Callous-unemotional traits in predicting the severity and stability of conduct problems and delinquency.

Department of Psychology, University of New Orleans, Orleans, LA 70148, USA.
Journal of Abnormal Child Psychology (Impact Factor: 3.09). 09/2005; 33(4):471-87. DOI: 10.1007/s10648-005-5728-9
Source: PubMed

ABSTRACT The current study tests whether the presence of callous-unemotional (CU) traits designates a group of children with conduct problems who show an especially severe and chronic pattern of conduct problems and delinquency. Ninety-eight children who were selected from a large community screening of school children in grades 3, 4, 6 and 7 were followed across four yearly assessments. Children with conduct problems who also showed CU traits exhibited the highest rates of conduct problems, self-reported delinquency, and police contacts across the four years of the study. In fact, this group accounted for at least half of all of the police contacts reported in the sample across the last three waves of data collection. In contrast, children with conduct problems who did not show CU traits continued to show higher rates of conduct problems across the follow-up assessments compared to non-conduct problem children. However, they did not show higher rates of self-reported delinquency than non-conduct problem children. In fact, the second highest rate of self-reported delinquency in the sample was found for the group of children who were high on CU traits but without conduct problems at the start of the study.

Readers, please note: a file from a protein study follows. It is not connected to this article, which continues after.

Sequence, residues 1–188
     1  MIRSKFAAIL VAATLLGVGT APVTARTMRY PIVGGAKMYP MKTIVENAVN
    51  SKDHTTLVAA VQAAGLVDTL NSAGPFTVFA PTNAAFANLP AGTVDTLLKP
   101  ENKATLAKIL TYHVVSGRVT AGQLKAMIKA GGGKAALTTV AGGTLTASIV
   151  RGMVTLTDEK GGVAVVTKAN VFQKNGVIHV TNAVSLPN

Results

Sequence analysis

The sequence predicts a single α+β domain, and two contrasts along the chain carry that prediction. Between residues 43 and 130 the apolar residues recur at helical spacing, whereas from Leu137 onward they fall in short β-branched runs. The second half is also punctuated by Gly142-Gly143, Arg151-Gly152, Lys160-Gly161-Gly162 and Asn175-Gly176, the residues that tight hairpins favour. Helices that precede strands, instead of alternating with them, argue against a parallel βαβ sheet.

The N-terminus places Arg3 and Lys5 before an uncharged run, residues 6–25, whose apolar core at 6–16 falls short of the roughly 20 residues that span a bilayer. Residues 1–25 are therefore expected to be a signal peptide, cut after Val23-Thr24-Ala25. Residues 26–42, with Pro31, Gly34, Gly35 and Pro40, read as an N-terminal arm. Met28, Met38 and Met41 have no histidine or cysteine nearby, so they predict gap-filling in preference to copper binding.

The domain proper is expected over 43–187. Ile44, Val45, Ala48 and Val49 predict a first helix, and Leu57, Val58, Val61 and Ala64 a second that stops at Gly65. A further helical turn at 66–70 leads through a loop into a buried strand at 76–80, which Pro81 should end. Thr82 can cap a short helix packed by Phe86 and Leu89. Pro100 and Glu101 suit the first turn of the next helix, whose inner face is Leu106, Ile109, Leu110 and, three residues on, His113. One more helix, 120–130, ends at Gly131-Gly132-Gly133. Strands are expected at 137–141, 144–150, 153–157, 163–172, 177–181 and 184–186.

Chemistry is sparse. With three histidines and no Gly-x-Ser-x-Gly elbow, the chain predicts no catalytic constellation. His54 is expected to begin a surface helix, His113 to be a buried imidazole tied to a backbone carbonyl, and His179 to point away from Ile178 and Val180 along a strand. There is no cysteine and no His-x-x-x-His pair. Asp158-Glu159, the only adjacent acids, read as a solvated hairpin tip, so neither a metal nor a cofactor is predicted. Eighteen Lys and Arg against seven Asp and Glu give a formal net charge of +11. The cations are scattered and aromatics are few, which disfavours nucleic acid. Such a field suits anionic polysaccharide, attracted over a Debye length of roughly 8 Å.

Available from: Timothy Stickle, Jun 03, 2015
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    ABSTRACT: Bullying is a prevalent problem in schools that is associated with a number of negative outcomes for both the child who bullies and his or her victims. In a community sample of 284 ethnically diverse school-children (54.2 % girls) between the ages of 9 and 14 years (M = 11.28, SD = 1.82), the current study examined whether the level of victimization moderated the association between bullying and several behavioral, social, and emotional characteristics. These characteristics were specifically chosen to integrate research on distinct developmental pathways to conduct problems with research on the characteristics shown by children who bully others. Results indicated that both bullying and victimization were independently associated with conduct problems. However, there was an interaction between bullying and victimization in the prediction of callous-unemotional (CU) traits, such that the association between bullying and CU traits was stronger for those lower on victimization. Further, bullying was positively associated with positive attitudes towards bullying and anger expression and neither of these associations were moderated by the level of victimization. In contrast, bullying was not associated with the child's perceived problems regulating anger, suggesting that children with higher levels of bullying admit to expressing anger but consider this emotional expression as being under their control.
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